# Where can I use Chebychev's inequality?

What are some real-world applications where I can leverage Chebychev's inqueality? All the examples I find are either related to coin tosses or some school scores related problems. Are there any slightly-more complex use cases where this inequality "saves" the day?

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I once convinced a very tall woman to have dinner with me by using Chebychev's inequality to argue that her high partner height threshold would lead to many lonely nights spent with her cat. Alcohol was involved, so arithmetic mistakes were made that exaggerated the main thrust of the conclusion.

It didn't last.

In this case, the three-sigma rule would have served me better since heights are actually normal and the rule gives a tighter bound. Now, if she had an income threshold, this would have been a better anecdote.

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To steal a pun from xkcd, she did not become your statistically significant other? –  Dilip Sarwate Dec 1 '12 at 2:47
What is your evidence that heights are normal? I usually give height as an example of a statistic which clearly isn't normal. –  Douglas Zare Dec 1 '12 at 12:57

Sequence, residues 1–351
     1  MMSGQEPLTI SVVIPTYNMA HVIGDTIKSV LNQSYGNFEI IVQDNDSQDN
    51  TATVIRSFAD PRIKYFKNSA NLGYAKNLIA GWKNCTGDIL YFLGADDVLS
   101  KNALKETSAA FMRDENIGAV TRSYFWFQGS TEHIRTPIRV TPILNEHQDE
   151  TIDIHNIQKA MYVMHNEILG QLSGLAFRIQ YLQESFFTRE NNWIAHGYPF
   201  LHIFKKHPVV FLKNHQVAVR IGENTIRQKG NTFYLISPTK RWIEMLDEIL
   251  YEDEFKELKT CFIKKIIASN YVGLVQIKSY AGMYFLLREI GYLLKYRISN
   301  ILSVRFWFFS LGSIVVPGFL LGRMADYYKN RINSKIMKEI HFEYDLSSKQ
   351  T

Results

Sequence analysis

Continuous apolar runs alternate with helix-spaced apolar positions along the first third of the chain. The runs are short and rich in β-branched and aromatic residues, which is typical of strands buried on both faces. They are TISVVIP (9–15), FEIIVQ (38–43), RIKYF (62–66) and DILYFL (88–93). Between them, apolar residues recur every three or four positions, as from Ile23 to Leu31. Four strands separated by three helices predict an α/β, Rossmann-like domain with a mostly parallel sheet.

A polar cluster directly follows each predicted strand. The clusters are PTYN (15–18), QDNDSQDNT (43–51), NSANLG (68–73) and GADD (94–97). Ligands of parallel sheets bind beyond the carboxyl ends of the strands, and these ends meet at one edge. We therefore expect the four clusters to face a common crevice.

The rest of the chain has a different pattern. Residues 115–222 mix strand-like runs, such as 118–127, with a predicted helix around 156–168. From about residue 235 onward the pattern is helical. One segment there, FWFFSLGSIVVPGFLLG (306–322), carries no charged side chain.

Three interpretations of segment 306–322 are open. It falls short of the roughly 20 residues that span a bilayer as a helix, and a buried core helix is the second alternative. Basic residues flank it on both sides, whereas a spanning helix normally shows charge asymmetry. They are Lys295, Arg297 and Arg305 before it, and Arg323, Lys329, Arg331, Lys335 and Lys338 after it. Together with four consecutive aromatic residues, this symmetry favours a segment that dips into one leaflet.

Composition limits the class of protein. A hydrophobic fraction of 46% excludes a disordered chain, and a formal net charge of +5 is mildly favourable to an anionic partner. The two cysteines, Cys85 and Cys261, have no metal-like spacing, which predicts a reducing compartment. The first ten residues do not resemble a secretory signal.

Since height is likely caused by many small genetic and environmental factors, treating it as normal is a reasonable approximation, especially near the center of the distribution, and if we restrict the sample to men of a certain age. In the tails, this approximation obviously breaks down. My naive CLT argument is probably wrong since things are not iid. –  Dimitriy V. Masterov Dec 1 '12 at 18:43

While it's most often used for establishing bounds in various things, here's an example of it being used for constructing intervals for a real problem:

http://www.sciencedirect.com/science/article/pii/S0001457504000910

(It's not actually necessary for this problem; tighter bounds can be obtained.)

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It's not possible to tell what that paper does unless one has full text access to it. Could you at least describe its method? (I am sceptical of tests developed from Chebyshev's Inequality because I have seen at least one that is conceptually--and practically--wrong. It is difficult to use it for inference and when used correctly can be expected to give poor statistical procedures, because it is such a crude bound.) –  whuber Dec 10 '12 at 22:28
Thanks, Glen. A quick look at this paper suggests it is making the same mistake of assuming Chebeyshev's Inequality applies when the true mean and variance are replaced by estimates. This is not true (as some thought would suggest and a lot of simulations have demonstrated). If I am misunderstanding it, I would be delighted to be corrected. –  whuber Dec 11 '12 at 0:08
It explicitly incorporates the estimation uncertainty in the procedure. Its main problem is the intervals are much too wide; given the assumptions more precise intervals are easily generated. –  Glen_b Dec 11 '12 at 2:02